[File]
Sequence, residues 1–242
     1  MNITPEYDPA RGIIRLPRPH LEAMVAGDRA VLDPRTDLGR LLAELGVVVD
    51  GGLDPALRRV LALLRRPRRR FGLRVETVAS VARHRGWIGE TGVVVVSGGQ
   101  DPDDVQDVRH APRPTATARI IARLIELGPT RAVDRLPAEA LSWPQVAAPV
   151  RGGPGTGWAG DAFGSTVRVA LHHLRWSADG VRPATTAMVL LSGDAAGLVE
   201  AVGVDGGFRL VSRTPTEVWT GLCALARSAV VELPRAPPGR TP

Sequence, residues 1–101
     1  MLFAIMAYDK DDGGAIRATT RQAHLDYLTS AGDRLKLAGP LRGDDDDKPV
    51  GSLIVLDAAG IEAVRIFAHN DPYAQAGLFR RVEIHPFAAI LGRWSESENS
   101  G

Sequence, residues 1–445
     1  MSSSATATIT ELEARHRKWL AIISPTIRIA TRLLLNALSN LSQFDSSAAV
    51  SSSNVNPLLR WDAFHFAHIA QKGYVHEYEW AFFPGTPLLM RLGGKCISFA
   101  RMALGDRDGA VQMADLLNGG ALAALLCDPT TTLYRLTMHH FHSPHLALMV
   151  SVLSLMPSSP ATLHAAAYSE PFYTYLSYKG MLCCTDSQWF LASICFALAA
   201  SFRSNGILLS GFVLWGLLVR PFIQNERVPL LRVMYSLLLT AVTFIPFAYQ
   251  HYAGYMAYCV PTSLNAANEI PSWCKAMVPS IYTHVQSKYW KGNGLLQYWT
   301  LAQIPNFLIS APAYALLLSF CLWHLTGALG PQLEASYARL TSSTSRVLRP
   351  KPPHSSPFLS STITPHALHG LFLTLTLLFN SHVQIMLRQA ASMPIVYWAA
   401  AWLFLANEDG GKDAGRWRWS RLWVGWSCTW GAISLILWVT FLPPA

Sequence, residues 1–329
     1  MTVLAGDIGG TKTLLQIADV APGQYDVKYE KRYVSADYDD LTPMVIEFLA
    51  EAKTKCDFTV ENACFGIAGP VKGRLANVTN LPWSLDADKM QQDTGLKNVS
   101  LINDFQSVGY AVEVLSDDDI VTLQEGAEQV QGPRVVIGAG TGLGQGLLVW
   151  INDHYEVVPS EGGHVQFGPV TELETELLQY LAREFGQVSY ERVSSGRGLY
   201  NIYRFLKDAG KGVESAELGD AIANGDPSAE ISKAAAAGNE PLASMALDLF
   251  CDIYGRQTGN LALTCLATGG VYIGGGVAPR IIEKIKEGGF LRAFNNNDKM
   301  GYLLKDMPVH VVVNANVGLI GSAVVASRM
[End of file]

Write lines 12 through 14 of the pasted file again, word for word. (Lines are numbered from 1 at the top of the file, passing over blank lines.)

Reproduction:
     1  MSSSATATIT ELEARHRKWL AIISPTIRIA TRLLLNALSN LSQFDSSAAV
    51  SSSNVNPLLR WDAFHFAHIA QKGYVHEYEW AFFPGTPLLM RLGGKCISFA
   101  RMALGDRDGA VQMADLLNGG ALAALLCDPT TTLYRLTMHH FHSPHLALMV